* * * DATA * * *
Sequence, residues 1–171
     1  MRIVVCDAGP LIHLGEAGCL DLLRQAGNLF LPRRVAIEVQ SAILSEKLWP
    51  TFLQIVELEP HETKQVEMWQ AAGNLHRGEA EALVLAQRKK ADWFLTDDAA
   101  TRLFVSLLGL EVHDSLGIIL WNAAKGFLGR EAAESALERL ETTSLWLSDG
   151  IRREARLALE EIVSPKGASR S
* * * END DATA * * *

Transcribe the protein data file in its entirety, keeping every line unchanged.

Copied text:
Sequence, residues 1–171
     1  MRIVVCDAGP LIHLGEAGCL DLLRQAGNLF LPRRVAIEVQ SAILSEKLWP
    51  TFLQIVELEP HETKQVEMWQ AAGNLHRGEA EALVLAQRKK ADWFLTDDAA
   101  TRLFVSLLGL EVHDSLGIIL WNAAKGFLGR EAAESALERL ETTSLWLSDG
   151  IRREARLALE EIVSPKGASR S